They would be redirected to:

This can prove to be extremely powerful if used correctly.

Part 3

In part 3 I will cover a few other uses of the .htaccess file including password protection.
[pagebreak title='Password Protection']

Although there are many uses of the .htaccess file, by far the most popular, and probably most useful, is being able to relaibly password protect directories on websites. Although JavaScript etc. can also be used to do this, only .htaccess has total security (as someone must know the password to get into the directory, there are no 'back doors')

The .htaccess File

Adding password protection to a directory using .htaccess takes two stages. The first part is to add the appropriate lines to your .htaccess file in the directory you would like to protect. Everything below this directory will be password protected:

AuthName "Section Name"
AuthType Basic
AuthUserFile /full/path/to/.htpasswd
Require valid-user

There are a few parts of this which you will need to change for your site. You should replace "Section Name" with the name of the part of the site you are protecting e.g. "Members Area".

The /full/parth/to/.htpasswd should be changed to reflect the full server path to the .htpasswd file (more on this later). If you do not know what the full path to your webspace is, contact your system administrator for details.

The .htpasswd File

Password protecting a directory takes a little more work than any of the other .htaccess functions because you must also create a file to contain the usernames and passwords which are allowed to access the site. These should be placed in a file which (by default) should be called .htpasswd. Like the .htaccess file, this is a file with no name and an 8 letter extension. This can be placed anywhere within you website (as the passwords are encrypted) but it is advisable to store it outside the web root so that it is impossible to access it from the web.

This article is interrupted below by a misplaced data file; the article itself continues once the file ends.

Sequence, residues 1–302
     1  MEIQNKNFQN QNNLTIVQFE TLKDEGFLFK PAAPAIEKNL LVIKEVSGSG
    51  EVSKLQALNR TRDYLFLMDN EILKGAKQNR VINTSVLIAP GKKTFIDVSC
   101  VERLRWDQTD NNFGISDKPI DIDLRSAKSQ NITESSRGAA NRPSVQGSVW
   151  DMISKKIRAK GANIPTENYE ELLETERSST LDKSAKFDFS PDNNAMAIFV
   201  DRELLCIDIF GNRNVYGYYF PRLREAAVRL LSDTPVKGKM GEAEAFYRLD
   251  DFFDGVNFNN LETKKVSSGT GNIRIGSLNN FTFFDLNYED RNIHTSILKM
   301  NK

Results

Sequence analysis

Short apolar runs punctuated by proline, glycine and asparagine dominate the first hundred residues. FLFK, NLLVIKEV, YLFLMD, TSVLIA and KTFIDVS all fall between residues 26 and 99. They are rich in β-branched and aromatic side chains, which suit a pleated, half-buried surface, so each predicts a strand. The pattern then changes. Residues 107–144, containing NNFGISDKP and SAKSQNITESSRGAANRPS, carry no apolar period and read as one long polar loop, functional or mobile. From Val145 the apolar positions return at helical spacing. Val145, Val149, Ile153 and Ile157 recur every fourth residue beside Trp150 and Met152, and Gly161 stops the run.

Entering Usernames And Passwords

Once you have created your .htpasswd file (you can do this in a standard text editor) you must enter the usernames and passwords to access the site. They should be entered as follows:


where the password is the encrypted format of the password. To encrypt the password you will either need to use one of the premade scripts available on the web or write your own. There is a good username/password service at the KxS site which will allow you to enter the user name and password and will output it in the correct format.

For multiple users, just add extra lines to your .htpasswd file in the same format as the first. There are even scripts available for free which will manage the .htpasswd file and will allow automatic adding/removing of users etc.